I want to consider the possibility that this act of distinguishing visible stars may be important both for critical faculties and for the development of theory itself.
In other words, the repeated act of “stepping back” and “picking things out” from vision may be an important step on the road to creating increasingly abstract categories, and eventually philosophy.
Theory and vision
Here’s Iain McGilchrist, The Master & His Emissary (2009), examining the contrast between the early and late Greek words for sight. Homer uses many words to denote seeing; Bruno Snell (1896–1986) notes at least nine.
Here’s McGilchrist on the diversity of words for seeing during the pre-Socratic period:
What is clear is that there was originally no single word to convey the simple function of sight tout court. There were originally only words for relations with things, the quality of the experience, how the ‘seer’ stood towards the ‘seen’. In other words sight had not been abstracted yet from its context within the lived world, where it is reverberative, itself alive, an expressive of betweenness – not yet thought of as unidirectional, detached, dead: not yet observation.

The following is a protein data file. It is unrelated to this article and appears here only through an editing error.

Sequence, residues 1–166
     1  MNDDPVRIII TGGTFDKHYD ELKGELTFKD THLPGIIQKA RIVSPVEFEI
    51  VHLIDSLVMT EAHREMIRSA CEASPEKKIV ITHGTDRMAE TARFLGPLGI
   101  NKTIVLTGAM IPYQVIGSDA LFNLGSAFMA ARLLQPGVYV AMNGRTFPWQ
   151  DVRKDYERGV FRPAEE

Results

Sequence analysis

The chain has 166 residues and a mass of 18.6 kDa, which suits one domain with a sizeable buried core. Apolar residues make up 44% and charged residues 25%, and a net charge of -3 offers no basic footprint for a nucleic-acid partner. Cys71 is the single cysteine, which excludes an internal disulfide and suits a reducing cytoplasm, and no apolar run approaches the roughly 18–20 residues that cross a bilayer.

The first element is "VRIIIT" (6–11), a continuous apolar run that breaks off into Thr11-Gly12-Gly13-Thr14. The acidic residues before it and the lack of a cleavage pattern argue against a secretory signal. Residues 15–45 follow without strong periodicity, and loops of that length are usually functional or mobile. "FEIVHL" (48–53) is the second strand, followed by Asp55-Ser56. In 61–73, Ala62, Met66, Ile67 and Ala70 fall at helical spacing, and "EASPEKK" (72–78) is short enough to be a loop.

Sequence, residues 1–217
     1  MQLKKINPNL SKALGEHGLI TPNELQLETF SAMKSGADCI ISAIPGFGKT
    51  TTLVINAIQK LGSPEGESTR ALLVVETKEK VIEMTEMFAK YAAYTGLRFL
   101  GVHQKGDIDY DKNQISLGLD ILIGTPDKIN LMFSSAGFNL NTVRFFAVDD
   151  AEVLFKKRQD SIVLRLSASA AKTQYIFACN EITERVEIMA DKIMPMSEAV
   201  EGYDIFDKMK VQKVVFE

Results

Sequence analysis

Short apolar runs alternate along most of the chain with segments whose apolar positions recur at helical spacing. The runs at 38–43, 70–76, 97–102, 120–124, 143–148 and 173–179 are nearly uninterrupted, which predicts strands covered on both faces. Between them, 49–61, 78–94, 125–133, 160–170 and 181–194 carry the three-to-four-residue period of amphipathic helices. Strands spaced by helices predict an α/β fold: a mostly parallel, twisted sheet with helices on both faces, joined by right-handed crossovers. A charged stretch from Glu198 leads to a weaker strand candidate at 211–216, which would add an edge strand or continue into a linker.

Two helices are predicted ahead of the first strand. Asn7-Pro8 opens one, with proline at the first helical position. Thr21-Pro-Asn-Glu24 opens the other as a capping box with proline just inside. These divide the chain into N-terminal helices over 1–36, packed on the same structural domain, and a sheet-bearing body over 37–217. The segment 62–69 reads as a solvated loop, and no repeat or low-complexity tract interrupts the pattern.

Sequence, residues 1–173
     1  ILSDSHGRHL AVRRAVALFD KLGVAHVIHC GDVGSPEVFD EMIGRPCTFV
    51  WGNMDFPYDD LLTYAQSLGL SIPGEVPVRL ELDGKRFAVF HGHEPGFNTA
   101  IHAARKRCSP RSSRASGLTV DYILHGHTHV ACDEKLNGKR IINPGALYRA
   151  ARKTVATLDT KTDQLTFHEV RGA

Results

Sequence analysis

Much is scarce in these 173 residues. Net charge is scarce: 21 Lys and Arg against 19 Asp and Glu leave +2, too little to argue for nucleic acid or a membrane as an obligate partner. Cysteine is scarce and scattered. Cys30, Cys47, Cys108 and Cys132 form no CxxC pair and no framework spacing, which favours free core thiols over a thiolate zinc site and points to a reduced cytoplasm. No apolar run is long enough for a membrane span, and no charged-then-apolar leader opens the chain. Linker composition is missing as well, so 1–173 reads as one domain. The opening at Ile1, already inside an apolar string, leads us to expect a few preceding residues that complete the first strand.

He continues, discussing the origin of Greek theorein, “to see” (but also “to spectate” or “to contemplate”).2 This is closer to what we typically mean by “see” today, which has a sense of passive observation.
By contrast theorein, the origin of our word ‘theory’, is a much later word. Here it takes on the meaning we normally associate with seeing, the eye apprehending an object. Interestingly it was not originally a verb, but is a back-formation from the word for a spectator, theoros. What I take from this is that it is derived from what was thought of as a special situation, one of greater than usual detachment from a ‘spectacle’. Words for ‘thinking’, in the sense of abstract cognition, and words for ‘seeing’ come to be closely related. The prominence, after the Homeric era, of theorein and noein, when compared with the earlier terms for seeing, marks a degree of abstraction from what is under consideration. A related distinction, touched on above, arises between aspects of the mind, between thumos and noos: very broadly thumos is instinct, what keeps the body in motion, coupled with emotion, whereas noos is reflection, ideas and images.